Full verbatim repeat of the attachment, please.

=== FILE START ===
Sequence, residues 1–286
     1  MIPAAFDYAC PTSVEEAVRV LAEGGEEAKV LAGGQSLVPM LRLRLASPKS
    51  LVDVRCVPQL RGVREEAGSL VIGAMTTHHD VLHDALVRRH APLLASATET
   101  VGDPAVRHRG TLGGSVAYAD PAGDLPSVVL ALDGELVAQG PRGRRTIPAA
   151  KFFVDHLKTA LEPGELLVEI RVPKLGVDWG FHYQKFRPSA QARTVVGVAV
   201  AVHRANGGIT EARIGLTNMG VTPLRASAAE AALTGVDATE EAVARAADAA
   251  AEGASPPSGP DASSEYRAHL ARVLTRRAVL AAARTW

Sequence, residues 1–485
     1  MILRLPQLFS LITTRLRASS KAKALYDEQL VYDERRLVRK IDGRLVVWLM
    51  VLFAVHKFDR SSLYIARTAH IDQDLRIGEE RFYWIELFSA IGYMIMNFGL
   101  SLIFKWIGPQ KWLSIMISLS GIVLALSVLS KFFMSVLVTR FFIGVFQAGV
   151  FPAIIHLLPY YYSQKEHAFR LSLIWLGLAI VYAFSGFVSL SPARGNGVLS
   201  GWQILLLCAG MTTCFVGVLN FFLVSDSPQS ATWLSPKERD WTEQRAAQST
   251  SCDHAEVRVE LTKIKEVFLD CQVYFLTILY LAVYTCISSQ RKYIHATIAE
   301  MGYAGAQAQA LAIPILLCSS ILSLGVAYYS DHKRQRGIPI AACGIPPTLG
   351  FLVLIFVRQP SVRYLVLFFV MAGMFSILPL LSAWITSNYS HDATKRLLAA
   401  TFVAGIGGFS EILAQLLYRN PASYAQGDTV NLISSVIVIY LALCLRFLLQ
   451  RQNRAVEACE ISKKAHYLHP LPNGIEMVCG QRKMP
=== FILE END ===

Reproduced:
Sequence, residues 1–286
     1  MIPAAFDYAC PTSVEEAVRV LAEGGEEAKV LAGGQSLVPM LRLRLASPKS
    51  LVDVRCVPQL RGVREEAGSL VIGAMTTHHD VLHDALVRRH APLLASATET
   101  VGDPAVRHRG TLGGSVAYAD PAGDLPSVVL ALDGELVAQG PRGRRTIPAA
   151  KFFVDHLKTA LEPGELLVEI RVPKLGVDWG FHYQKFRPSA QARTVVGVAV
   201  AVHRANGGIT EARIGLTNMG VTPLRASAAE AALTGVDATE EAVARAADAA
   251  AEGASPPSGP DASSEYRAHL ARVLTRRAVL AAARTW

Sequence, residues 1–485
     1  MILRLPQLFS LITTRLRASS KAKALYDEQL VYDERRLVRK IDGRLVVWLM
    51  VLFAVHKFDR SSLYIARTAH IDQDLRIGEE RFYWIELFSA IGYMIMNFGL
   101  SLIFKWIGPQ KWLSIMISLS GIVLALSVLS KFFMSVLVTR FFIGVFQAGV
   151  FPAIIHLLPY YYSQKEHAFR LSLIWLGLAI VYAFSGFVSL SPARGNGVLS
   201  GWQILLLCAG MTTCFVGVLN FFLVSDSPQS ATWLSPKERD WTEQRAAQST
   251  SCDHAEVRVE LTKIKEVFLD CQVYFLTILY LAVYTCISSQ RKYIHATIAE
   301  MGYAGAQAQA LAIPILLCSS ILSLGVAYYS DHKRQRGIPI AACGIPPTLG
   351  FLVLIFVRQP SVRYLVLFFV MAGMFSILPL LSAWITSNYS HDATKRLLAA
   401  TFVAGIGGFS EILAQLLYRN PASYAQGDTV NLISSVIVIY LALCLRFLLQ
   451  RQNRAVEACE ISKKAHYLHP LPNGIEMVCG QRKMP